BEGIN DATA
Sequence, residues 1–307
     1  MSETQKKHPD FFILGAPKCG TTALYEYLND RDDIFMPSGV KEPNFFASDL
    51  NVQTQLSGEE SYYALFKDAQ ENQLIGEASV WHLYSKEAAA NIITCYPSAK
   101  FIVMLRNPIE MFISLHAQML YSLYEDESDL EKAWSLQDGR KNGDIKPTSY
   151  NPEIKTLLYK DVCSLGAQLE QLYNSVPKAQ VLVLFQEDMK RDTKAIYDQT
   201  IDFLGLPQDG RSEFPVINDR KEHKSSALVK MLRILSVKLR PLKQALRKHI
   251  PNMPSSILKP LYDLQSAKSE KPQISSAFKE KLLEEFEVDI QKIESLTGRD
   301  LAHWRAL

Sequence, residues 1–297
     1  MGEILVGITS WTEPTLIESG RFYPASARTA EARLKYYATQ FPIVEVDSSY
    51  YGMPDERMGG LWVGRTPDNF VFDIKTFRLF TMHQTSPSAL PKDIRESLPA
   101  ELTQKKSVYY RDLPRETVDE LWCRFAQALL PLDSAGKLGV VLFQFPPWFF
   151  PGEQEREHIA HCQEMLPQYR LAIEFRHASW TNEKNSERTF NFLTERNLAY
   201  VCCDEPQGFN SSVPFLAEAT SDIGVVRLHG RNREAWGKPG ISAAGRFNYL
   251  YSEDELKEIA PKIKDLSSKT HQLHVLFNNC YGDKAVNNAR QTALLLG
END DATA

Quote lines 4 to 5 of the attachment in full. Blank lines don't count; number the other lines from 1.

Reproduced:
   101  FIVMLRNPIE MFISLHAQML YSLYEDESDL EKAWSLQDGR KNGDIKPTSY
   151  NPEIKTLLYK DVCSLGAQLE QLYNSVPKAQ VLVLFQEDMK RDTKAIYDQT